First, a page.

Bolivia: a lot of circus, but no bread

Hugo Marcelo Balderrama

The Roman poet, Tenth June Juvenal, in Satires, immortalized the phrase: panem et circenses (bread and circuses). It arises at a time when the corruption of Rome had destroyed all traces of institutionality. Juvenal maintained that bread and circuses were the most fervent desires of a people raised on vice and softness.

Centuries later, Lorenzo de’ Medici, Florentine poet and politician, perhaps paraphrasing Juvenal, said: pane e feste Tengono il popolo stillo (bread and parties keep people silent).

Both phrases refer to the fact that the peoples must be given spectacle and entertainment so that their attention does not rest on their miserable living conditions or on the corruption or errors of their rulers, but rather be distracted by the truculent farces. The fascists, socialists and NAZIS of the first half of the 20th century were masters of political choreography. In addition, to turn political acts into great theatrical scenes to entertain the masses.

On this side of the world things are no different. In fact, Fidel Castro, Hugo Chávez or Evo Morales are specialists in organizing circus shows, or taking advantage of those that already exist, for example, the carnival.

From the end of January and the beginning of February, many municipal authorities, throughout Bolivia, spoke of the possibility of normalizing carnival activities after two years. Jeyson Auza, Minister of Health and Sports, declared that each Mayor’s Office must analyze whether the carnival festivities are held, according to the epidemiological reports of recent weeks. In short, welcome King Momo.

However, while television channels, radio stations and influencers flood homes with slogans in favor of our “beautiful” carnival customs, the rating agency Standard & Poor’s reduced Bolivia’s rating to B+ with a negative outlook. Also, highlighting the risk of a downgrade in the next six to twelve months. Especially because of the fiscal deficit and the increase in public debt. The latter, according to their estimates, could exceed 60% of GDP by 2023.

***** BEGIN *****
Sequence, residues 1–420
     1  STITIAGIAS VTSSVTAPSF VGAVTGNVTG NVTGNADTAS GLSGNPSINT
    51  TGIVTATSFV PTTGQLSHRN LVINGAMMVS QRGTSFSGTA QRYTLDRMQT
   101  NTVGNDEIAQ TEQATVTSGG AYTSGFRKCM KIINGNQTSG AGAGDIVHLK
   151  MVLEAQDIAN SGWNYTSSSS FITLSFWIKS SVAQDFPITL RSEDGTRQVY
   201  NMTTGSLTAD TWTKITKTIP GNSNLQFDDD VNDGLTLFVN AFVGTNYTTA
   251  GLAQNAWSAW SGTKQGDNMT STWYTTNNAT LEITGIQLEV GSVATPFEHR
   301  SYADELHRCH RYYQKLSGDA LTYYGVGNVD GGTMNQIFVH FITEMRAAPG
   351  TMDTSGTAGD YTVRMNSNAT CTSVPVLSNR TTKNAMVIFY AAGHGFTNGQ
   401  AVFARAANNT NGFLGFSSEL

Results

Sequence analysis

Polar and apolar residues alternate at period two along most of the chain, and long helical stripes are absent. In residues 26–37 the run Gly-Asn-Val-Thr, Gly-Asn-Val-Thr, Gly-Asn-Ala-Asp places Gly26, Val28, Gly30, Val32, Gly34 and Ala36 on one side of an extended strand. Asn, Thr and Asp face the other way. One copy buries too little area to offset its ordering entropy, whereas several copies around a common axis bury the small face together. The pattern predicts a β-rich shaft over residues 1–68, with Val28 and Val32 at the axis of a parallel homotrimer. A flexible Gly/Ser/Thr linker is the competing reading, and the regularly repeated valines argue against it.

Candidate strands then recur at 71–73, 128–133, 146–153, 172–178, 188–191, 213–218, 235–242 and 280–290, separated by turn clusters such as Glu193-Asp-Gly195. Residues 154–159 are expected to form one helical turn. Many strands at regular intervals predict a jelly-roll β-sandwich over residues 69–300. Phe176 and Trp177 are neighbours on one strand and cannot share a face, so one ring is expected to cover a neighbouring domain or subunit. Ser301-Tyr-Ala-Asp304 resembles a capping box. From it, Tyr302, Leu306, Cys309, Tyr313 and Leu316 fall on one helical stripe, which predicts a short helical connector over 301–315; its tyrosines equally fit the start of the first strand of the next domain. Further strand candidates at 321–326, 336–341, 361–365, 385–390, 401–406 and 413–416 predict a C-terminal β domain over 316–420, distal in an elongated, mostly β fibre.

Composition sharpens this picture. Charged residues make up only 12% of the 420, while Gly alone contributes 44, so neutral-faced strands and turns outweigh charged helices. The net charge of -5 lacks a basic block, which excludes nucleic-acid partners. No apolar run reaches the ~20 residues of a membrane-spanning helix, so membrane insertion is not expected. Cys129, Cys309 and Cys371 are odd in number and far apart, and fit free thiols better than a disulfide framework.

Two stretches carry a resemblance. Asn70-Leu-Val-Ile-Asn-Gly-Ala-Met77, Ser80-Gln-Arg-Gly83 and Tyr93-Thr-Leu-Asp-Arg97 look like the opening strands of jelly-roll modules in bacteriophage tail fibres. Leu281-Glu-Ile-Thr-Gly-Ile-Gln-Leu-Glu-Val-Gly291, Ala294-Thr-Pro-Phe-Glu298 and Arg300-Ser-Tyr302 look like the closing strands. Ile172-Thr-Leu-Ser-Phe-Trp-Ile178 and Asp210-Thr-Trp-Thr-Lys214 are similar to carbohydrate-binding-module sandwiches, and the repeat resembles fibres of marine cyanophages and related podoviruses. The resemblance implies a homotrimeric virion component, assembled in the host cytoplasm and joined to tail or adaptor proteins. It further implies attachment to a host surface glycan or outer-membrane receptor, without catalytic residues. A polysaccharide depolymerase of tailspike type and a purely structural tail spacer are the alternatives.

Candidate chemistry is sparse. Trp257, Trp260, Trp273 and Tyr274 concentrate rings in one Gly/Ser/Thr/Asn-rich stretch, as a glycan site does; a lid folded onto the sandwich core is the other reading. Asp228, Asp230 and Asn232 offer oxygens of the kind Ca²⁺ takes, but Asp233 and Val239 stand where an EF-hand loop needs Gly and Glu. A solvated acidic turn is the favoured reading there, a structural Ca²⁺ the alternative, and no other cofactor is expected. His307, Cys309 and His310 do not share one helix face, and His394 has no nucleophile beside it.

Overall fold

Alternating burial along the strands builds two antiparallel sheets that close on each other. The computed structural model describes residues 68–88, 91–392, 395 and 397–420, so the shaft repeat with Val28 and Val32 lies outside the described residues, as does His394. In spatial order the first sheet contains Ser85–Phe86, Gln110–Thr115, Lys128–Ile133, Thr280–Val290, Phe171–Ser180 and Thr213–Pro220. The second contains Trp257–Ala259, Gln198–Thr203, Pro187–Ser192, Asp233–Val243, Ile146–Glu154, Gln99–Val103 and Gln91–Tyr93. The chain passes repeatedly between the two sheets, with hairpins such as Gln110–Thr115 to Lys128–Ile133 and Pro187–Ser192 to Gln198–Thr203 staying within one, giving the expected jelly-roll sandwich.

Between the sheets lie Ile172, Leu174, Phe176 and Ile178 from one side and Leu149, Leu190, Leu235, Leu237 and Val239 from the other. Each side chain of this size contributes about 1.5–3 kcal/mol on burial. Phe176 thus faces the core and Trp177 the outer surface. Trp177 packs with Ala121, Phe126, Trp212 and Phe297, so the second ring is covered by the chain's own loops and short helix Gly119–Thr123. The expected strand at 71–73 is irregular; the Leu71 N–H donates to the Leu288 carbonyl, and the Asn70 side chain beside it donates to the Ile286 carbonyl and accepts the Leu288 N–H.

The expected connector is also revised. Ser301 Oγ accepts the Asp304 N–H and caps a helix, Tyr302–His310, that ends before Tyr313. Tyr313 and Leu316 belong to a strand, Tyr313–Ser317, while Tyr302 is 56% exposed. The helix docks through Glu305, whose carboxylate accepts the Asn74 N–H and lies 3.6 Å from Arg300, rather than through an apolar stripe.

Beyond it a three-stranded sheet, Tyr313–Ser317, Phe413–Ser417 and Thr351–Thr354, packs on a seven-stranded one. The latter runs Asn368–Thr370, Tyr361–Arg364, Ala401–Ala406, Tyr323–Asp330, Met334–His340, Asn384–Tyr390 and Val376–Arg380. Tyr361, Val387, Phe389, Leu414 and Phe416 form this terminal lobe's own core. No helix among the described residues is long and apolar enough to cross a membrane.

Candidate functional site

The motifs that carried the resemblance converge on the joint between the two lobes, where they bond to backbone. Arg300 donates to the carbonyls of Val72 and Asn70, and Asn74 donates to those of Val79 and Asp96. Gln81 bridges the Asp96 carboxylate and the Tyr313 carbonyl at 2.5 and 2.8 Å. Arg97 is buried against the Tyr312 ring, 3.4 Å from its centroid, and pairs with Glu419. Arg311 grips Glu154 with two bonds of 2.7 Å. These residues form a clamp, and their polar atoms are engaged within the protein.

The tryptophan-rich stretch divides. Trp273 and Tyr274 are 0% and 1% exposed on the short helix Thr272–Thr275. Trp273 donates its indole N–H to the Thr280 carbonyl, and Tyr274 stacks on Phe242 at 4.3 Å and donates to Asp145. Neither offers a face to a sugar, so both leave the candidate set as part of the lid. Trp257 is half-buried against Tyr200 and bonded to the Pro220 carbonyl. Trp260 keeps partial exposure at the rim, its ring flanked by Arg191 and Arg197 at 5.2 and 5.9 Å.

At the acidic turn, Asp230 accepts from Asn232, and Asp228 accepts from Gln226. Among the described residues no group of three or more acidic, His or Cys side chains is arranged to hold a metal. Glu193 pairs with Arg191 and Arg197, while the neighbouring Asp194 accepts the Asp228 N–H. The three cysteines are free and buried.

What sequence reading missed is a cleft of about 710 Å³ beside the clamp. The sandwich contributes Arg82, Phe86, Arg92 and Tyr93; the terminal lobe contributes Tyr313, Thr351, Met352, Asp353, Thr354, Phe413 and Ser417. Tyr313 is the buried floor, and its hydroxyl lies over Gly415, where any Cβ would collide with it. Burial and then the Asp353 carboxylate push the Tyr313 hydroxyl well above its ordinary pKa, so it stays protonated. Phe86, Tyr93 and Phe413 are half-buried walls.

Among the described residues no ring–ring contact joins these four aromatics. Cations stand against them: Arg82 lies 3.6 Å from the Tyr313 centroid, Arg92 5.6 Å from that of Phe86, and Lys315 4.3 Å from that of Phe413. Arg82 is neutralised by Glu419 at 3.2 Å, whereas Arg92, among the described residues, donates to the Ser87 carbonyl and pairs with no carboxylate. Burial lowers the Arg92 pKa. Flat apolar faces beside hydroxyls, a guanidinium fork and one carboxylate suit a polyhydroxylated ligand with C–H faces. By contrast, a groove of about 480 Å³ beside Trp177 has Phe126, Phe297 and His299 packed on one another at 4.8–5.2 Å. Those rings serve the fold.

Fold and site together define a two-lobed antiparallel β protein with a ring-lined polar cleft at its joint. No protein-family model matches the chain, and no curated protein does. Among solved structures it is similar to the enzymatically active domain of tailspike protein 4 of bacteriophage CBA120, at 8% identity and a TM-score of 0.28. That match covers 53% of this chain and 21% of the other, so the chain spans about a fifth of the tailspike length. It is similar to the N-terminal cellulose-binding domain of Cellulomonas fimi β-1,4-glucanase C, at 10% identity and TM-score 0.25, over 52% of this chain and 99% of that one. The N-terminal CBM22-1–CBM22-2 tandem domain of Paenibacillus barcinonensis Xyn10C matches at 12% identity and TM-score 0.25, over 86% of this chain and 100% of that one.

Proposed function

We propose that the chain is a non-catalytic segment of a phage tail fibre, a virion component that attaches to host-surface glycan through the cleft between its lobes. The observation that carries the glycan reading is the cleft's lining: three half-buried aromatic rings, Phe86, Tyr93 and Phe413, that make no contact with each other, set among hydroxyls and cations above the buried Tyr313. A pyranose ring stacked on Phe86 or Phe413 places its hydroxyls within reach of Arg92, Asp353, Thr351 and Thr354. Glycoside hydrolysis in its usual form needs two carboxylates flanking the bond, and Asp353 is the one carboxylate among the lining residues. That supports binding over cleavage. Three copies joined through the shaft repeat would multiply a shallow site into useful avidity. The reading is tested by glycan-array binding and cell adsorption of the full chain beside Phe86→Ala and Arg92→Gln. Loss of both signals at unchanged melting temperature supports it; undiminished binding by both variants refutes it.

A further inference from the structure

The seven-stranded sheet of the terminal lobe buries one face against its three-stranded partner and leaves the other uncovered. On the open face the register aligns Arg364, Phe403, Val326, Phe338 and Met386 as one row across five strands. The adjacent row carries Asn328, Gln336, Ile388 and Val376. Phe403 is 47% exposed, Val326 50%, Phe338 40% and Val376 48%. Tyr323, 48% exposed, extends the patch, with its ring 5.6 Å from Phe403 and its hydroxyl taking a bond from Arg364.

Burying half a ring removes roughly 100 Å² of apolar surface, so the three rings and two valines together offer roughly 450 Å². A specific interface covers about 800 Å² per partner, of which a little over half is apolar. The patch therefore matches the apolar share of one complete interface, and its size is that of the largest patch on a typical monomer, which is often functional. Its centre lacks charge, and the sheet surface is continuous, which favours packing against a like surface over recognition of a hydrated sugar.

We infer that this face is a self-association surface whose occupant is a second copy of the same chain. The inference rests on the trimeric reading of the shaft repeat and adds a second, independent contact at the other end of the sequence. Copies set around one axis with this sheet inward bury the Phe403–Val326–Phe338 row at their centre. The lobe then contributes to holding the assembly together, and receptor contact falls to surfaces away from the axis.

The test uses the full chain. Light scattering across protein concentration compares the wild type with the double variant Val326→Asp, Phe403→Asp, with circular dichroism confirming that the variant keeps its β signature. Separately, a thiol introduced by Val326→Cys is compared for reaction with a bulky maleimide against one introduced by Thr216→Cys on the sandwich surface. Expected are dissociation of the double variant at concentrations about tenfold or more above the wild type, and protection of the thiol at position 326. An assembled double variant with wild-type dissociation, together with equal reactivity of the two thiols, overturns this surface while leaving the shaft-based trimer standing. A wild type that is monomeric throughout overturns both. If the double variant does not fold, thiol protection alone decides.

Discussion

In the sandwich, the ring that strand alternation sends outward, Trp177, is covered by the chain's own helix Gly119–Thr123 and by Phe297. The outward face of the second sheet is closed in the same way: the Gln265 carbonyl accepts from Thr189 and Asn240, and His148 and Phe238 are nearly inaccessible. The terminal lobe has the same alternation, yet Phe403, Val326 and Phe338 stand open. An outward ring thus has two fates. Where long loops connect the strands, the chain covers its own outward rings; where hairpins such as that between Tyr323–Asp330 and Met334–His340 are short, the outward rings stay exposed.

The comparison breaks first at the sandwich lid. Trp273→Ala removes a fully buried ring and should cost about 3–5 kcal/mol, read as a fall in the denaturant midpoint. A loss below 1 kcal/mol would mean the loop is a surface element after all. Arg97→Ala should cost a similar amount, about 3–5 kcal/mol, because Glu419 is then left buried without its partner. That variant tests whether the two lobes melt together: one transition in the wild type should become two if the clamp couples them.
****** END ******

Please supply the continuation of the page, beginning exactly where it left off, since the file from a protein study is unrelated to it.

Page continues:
On the other hand, in its 2022 Economic Freedom Index, the Heritage Foundation placed Bolivia 169th out of 184 countries. That means that, at the regional level, we are only slightly above Cuba and Venezuela. What a consolation!

However, to all of the above we must add another aggravating factor: the difficulty of accessing financing to sustain the Bolivian Productive Social Community Economic Model (MESCPB). More specifically, and although Jorge Richter (presidential spokesman) said: “It is not a dramatic issue,” the government is having problems obtaining the 2,000 million dollars that, by the way, would be used to finance the bonds maturing in October 2022, 2023 and 2028 (for a total of 3,000 million dollars).

The truth is that, if the government fails to place the bonds on the international markets, the country will have to pay a maturity of the 2012 bonds this year for a value of 500 million dollars, at a time when international foreign exchange reserves are not They even reach 1,500 million dollars.

Finally, it is a fact that the Federal Reserve, sooner rather than later, will increase rates. Therefore, it will be much more difficult for the regime to obtain financing. But don’t worry, things are going “well” because, after two years, we will have Corsicans, murgas and a lot of alcohol in the streets. Total, the circus is the important thing, even if there is no bread.

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